Sir Ken speaks to Natalie, a mother of four children of ranging ages, 21 (a college student), 16 (a high school student), 11 and 6, from Salt Lake, Utah, USA. She has a full-time job and is also studying part-time herself. Natalie’s early experience of learning from home was overwhelming, not least of all because she received over 70 school-related emails in one week alone; even her kindergartner has five different websites where her learning is taking place.

One of the first hurdles Natalie and her family faced was simply figuring out how to facilitate their children’s learning practically, as the family did not have enough computers for each child to have their own. This is a limitation many families around the world have been facing. Luckily, the children’s school rented out their laptops to make sure that all of their children were able to access education in this new format.

"There’s so much room for error in the current set up"

The main challenge the family are currently facing is the expectations of the work the children are being set. Natalie remarked that her children are struggling to understand their school’s demands and requirements, particularly due to a lack of co-ordination and consistency between teachers – each teacher has been sending different instructions and using different websites and platforms. To top it off, this lack of clarity has led to poor grades for their work, which they have found incredibly disheartening in the circumstances. Natalie has found the teachers to be lenient and understanding when she has contacted them about specific grades, but she acknowledges that it is simply unrealistic for her to email every teacher about each piece of work. She comments ‘there’s so much room for error in the current set up’ as so many assignments are set using written guidelines only.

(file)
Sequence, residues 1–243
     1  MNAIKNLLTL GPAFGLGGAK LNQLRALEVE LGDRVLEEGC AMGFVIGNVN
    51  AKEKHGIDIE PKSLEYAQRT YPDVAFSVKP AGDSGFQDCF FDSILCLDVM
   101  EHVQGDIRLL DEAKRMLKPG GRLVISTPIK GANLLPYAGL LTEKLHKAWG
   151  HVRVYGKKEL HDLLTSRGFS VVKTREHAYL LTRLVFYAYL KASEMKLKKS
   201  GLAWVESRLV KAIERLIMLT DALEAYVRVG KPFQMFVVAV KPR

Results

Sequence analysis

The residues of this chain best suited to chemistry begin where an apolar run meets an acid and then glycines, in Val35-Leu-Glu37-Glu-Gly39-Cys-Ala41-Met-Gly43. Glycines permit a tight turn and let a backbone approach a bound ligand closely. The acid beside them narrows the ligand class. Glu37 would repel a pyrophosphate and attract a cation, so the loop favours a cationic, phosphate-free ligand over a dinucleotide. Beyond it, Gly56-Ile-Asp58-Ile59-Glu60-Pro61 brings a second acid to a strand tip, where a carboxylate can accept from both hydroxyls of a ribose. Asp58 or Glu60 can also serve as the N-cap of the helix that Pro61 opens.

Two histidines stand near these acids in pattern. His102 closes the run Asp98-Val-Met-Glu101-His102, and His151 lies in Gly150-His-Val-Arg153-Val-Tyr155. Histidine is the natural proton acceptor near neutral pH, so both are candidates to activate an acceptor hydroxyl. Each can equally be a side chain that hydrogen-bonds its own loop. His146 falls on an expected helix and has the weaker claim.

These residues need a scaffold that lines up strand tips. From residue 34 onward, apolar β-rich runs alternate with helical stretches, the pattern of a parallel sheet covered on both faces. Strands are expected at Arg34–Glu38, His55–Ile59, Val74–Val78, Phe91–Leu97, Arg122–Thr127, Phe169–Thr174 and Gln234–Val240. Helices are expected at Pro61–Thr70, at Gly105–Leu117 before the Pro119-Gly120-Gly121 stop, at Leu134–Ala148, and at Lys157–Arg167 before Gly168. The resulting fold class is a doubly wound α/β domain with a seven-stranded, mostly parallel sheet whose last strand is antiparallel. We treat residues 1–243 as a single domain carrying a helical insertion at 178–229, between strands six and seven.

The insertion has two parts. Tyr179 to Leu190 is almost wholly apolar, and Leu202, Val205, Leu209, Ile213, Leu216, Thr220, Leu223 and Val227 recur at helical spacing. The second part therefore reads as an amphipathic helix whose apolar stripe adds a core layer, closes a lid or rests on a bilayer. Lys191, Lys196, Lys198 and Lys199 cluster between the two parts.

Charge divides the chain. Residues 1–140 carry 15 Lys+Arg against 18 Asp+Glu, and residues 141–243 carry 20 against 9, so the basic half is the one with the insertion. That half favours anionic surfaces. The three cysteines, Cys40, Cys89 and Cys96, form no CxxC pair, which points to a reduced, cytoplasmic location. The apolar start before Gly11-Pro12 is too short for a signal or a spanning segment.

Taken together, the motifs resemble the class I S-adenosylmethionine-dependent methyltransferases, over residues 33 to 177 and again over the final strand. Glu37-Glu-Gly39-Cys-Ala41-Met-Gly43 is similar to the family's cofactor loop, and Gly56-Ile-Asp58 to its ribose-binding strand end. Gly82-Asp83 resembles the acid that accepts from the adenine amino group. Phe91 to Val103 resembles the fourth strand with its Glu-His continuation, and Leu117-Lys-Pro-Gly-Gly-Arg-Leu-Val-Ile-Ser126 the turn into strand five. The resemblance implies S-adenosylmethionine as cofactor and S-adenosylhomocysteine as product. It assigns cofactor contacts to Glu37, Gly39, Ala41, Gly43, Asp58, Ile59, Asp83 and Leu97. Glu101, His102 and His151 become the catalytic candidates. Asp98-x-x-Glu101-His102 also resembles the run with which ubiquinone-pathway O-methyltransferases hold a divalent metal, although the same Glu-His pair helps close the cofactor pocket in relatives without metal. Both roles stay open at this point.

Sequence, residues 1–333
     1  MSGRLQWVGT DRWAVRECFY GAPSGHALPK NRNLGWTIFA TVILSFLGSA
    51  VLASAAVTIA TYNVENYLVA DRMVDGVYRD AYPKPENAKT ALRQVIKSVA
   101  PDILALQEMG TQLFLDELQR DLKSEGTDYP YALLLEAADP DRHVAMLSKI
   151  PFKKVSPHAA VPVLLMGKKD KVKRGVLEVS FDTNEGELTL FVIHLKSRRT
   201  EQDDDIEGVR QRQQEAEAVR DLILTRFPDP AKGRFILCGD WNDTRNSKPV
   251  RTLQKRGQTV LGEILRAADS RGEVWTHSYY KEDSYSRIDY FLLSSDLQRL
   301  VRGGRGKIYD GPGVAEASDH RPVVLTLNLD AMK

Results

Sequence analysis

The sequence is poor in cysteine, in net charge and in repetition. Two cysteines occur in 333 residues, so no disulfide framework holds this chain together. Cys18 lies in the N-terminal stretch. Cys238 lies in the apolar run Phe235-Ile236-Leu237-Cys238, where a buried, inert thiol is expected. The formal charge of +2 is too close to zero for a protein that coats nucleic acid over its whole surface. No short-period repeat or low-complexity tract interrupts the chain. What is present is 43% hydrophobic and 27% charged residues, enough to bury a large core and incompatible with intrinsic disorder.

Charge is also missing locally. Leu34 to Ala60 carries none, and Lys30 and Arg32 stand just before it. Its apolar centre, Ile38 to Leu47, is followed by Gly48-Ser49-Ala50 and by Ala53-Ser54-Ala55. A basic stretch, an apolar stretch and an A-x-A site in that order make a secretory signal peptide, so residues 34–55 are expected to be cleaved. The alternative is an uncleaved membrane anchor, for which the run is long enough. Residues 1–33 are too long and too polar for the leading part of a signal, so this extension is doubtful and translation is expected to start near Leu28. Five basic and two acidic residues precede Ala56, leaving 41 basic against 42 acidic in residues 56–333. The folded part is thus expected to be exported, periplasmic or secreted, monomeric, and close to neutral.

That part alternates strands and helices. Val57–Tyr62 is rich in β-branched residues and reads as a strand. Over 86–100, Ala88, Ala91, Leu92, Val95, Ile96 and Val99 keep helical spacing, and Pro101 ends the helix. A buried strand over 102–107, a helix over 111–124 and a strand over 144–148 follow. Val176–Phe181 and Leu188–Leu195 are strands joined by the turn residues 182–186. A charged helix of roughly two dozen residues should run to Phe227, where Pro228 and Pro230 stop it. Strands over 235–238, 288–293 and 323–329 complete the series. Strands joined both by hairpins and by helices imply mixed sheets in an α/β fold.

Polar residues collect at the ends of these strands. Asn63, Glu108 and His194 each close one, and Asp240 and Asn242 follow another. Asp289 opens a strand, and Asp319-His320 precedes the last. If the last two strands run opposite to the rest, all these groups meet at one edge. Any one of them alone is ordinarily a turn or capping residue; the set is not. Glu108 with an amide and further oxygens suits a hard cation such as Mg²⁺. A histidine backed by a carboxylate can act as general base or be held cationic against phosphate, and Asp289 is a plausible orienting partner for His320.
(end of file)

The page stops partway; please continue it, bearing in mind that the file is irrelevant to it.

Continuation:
Remote learning has been particularly difficult for Natalie’s kindergartner, who due to her age is not able to navigate multiple websites on her own or understand the assignments she has been set without close parental supervision. This has proven tricky for Natalie, causing her to both lose out on time for herself and struggle to juggle her other responsibilities. This also means that Natalie’s youngest is spending a lot of time in front of a screen, which is affecting her behaviour, and is causing her to not only develop negative associations with being on the laptop, but also with learning in general.

"I’m really curious about how much my children are getting out of this type of online schooling"

On the other hand, Natalie’s 11 year old is coping the best with lockdown and this ‘new normal.’ Natalie thinks this is largely the result of a more positive approach set up by her teachers, who have co-created a system that allows the students to have daily video calls with their teachers and classmates, allowing vital social connection as well as the opportunity to clarify any aspects of their assignments. Minimising confusion and providing a consistent routine has helped her daughter and is a system Natalie feels is easily replicable.

Despite their challenges with remote learning, the family have made a real effort to go outside every day, for hikes and to play games, to encourage outdoor activity to break away from screens. Natalie has always actively minimised her children’s screen time in the past so the requirement for constant screen time in these circumstances is troubling to her.

“I’m really curious about how much my children are getting out of this type of online schooling,” says Natalie, querying their engagement and retention. As Sir Ken points out: “there are fantastic benefits online, but it is by no means the whole answer.’ This was true in education pre-pandemic and is even more so now. Finding ways of encouraging learning without relying solely on access to technology would be incredibly beneficial to this family, as well as to many others.

Education and creativity expert Sir Ken Robinson is speaking with families, education leaders and parenting experts as part of his global call out for stories, questions, concerns and insights into what education looks like during the pandemic. This series brings us together to share what has been working well when supporting and overseeing our children’s learning during this difficult time, and provides a platform for sharing helpful resources and tips to  make things a little easier. If you haven’t watched the other episodes in this series, you can here.